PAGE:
Government and church authority are human and always prone to corruption. Personal wealth and power are fleeting and don't give us the spiritual food that fuels the deep joy of life in Christ.

This is the good news that I try to preach to myself and to others. Of course, a person can only proclaim what has grasped him or her. Personally, I reject a gospel that preaches obedience to oppressive authority just as I reject one that tries to substitute wealth or pleasure for the God who is Love.

I try to find good news in the midst of lives of pain or fear. I look for moments in worship or everyday life in which we rise above fear and touch God's eternal life that is available to us on the road to the cross and beyond. I also try not to condemn too strongly those who know a different gospel than the one I have so far found.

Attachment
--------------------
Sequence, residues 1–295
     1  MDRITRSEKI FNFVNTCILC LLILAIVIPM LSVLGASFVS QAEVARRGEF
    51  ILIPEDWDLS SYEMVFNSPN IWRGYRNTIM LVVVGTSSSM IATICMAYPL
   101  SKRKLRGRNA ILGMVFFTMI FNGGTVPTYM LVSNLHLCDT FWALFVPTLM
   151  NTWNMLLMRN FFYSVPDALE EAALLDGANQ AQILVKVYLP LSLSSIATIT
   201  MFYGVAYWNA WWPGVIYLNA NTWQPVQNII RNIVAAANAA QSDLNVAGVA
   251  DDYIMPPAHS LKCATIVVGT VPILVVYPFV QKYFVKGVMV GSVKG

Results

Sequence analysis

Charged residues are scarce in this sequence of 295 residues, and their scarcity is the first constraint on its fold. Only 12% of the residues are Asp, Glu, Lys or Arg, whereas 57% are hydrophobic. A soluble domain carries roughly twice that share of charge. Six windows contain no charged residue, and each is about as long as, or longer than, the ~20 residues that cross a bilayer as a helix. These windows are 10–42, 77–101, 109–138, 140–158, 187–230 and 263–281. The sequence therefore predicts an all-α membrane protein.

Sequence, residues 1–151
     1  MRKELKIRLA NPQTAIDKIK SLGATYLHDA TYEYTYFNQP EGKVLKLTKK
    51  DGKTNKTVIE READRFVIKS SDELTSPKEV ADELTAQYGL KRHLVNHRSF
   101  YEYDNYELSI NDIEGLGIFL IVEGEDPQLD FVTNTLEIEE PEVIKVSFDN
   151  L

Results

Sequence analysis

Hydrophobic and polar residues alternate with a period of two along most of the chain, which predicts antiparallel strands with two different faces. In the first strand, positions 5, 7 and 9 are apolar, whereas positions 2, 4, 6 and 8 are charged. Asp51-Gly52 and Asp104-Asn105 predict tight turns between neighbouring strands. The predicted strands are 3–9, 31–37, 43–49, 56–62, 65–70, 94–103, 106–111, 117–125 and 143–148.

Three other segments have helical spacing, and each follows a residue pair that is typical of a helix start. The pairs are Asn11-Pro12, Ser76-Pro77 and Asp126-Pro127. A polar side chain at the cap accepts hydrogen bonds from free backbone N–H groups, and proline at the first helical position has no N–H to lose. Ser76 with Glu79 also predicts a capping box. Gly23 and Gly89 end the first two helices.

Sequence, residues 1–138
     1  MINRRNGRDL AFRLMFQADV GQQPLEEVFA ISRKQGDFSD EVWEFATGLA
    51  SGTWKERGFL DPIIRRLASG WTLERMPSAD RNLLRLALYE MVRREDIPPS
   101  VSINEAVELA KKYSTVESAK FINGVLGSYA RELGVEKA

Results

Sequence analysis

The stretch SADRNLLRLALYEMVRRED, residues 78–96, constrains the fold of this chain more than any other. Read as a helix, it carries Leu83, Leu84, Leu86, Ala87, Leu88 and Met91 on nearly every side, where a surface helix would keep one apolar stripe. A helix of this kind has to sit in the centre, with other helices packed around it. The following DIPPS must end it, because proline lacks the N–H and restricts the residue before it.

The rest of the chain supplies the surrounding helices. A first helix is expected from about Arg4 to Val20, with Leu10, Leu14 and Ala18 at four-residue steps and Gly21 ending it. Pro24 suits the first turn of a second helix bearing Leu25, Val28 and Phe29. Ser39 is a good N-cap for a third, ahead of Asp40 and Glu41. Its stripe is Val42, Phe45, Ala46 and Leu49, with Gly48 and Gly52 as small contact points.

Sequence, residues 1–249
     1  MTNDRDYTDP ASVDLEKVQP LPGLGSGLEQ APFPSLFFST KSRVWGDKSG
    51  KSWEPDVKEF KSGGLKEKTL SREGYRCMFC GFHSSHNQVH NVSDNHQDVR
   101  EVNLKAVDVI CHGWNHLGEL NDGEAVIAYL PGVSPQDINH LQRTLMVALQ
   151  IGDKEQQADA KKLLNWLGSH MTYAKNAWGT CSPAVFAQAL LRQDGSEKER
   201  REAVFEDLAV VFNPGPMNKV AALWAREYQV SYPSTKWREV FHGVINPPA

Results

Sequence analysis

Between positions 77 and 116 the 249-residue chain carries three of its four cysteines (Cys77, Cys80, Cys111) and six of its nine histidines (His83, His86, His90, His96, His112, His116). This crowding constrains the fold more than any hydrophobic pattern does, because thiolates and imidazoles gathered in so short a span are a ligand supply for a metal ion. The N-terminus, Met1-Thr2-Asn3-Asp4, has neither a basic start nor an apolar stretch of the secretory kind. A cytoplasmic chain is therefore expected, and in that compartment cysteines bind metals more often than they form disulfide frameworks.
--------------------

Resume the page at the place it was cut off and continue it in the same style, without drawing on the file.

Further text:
I am glad that Pope Francis has a gospel that focuses on the poor. On Friday, he said his wants the Catholic Church be "a poor church for the world's poor." I am pleased that for the first time the Roman Catholic Church is led by a person born in the Americas. I am cheered that the former Cardinal Bergoglio has named himself after the humble Catholic saint, Francis of Assisi. St. Francis lived a simple life of poverty in the Middle Ages and worked for church reform and for the poor.

My first impression of Pope Francis is also favourable. So, despite his conservative views on issues like birth control and women and despite the controversies about his role as a church leader during the terrible years of military dictatorship in Argentina after 1976, I feel hopeful about the leadership of Pope Francis.